100 years ago today, a group of women students of the University of Oxford – many Somervillians – doffed their caps and collected degrees alongside men for the very first time. Today, we take a moment to celebrate their astonishing determination and learning.
It is strange, now, to imagine a time when one could study as hard as the men, undergo the same hardships and acquire the same knowledge – yet emerge without any of the recognition. And yet, from Somerville’s inception in 1879 until 1920, this was indeed the case.
Many Somervillians benefited from that landmark shift. Famous Somerville graduates of 1920 include Dorothy L. Sayers, Constance Savery, Muriel St Clare Byrne, Cicely Williams, Leah Kay, Muriel Jaeger, Rose Graham, Enid Starkie, Mildred Pope and Margaret Kennedy.
However, another Somervillian also graduated that year – and that was Emily Penrose, Principal of Somerville College from 1907-1926. Penrose was a key figure in achieving degrees for women. She is pictured here shortly after graduating with Gilbert Murray, the Classicist and friend of the college.
Emily Penrose and the other heads of the women’s societies all received their degrees at the second degree ceremony that month, on the 14th October 1920. They all had MAs conferred on them by decree because none of them met the requirements to graduate. In Penrose’s case, this was because she had not completed the intermediate extension, despite being the first woman at Oxford to take a First in Lit. Hum. (Greats).
Perhaps due to these experiences, Emily Penrose was determined, when she became Principal of Somerville in 1907, that students should take the degree course where possible and meet all the other requirements to qualify for a degree – both in residence and by passing the qualifying examinations such as Responsions.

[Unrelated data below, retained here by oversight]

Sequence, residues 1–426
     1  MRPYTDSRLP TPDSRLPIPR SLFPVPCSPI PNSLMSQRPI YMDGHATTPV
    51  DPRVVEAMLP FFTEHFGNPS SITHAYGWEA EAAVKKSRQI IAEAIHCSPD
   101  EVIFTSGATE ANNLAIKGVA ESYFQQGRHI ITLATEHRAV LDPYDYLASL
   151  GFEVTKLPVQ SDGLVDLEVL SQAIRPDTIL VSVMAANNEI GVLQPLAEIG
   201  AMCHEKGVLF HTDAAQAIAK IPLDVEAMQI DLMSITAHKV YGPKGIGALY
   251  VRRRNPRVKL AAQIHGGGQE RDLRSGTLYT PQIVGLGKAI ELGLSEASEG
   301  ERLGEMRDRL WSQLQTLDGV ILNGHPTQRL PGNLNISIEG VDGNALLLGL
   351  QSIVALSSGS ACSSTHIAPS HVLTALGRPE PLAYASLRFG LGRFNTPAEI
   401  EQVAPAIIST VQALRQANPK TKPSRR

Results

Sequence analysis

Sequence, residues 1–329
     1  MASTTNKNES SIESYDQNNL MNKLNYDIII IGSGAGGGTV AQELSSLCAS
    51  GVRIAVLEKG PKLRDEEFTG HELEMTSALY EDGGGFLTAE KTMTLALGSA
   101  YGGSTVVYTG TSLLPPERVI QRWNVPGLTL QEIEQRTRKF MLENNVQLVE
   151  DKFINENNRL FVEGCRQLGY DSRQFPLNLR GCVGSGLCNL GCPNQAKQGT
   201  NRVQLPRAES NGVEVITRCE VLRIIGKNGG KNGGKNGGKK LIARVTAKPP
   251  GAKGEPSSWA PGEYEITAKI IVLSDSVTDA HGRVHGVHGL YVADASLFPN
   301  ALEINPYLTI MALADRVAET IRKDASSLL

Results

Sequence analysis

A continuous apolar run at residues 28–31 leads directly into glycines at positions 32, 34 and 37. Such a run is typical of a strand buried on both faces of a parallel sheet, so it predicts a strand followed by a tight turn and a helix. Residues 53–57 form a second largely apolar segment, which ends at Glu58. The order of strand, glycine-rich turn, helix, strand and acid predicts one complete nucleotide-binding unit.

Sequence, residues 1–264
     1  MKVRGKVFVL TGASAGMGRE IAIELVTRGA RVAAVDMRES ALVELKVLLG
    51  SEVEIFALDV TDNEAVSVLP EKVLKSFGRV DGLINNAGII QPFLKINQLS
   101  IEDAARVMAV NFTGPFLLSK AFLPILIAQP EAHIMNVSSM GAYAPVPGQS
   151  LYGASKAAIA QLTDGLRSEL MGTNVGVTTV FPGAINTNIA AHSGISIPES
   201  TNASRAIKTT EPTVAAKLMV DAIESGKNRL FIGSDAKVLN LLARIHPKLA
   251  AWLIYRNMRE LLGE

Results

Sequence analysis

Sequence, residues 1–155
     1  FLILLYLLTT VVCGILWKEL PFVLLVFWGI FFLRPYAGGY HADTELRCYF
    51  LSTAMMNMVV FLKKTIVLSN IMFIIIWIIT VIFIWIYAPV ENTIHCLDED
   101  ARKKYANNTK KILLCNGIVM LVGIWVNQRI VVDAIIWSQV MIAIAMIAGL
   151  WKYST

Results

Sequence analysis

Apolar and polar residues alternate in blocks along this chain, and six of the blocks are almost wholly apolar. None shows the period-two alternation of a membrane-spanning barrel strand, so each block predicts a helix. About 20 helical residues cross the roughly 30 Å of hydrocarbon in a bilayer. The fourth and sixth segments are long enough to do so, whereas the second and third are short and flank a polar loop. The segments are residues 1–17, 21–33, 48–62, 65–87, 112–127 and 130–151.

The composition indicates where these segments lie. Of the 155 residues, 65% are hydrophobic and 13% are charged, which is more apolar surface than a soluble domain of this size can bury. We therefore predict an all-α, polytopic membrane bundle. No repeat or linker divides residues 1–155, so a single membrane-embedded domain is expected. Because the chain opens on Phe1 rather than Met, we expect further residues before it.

As a consequence, when women were finally admitted to degrees, Somerville had 300 past students qualified to graduate. It is an astonishing tribute to her foresight and tenacity.
In the hundred years since women first won letters after their names, much has changed at Oxford and at Somerville. Women’s halls have become colleges and (with some resistance) admitted men. Furthermore, women have appeared in all aspects of university life, from the staircases of ancient foundations to prestigious professorships. Somerville still boasts more than its fair share of brilliant, no-nonsense women. The university has a female Vice-Chancellor. Since 2018, women have made up more than half of UK students admitted to the university each year.
And yet, as always, there is still work to do. As Alex Foley, the SU VP Women observes, ‘The COVID-19 crisis has thrown the existing disparities in our society into stark relief. The asymmetries in the amount of unpaid labour women are expected to perform has become increasingly apparent, particularly mature students with caring responsibilities or student parents. The global events of the past few months have also demonstrated the long road we have to follow to achieve racial justice.’
But if there is anywhere this vital work can be done, surely it is here, where our predecessors were so instrumental in shifting the narrative and shaping the world. The current generation will surely keep pushing that narrative even further, towards full gender equality for all. And more strength to them.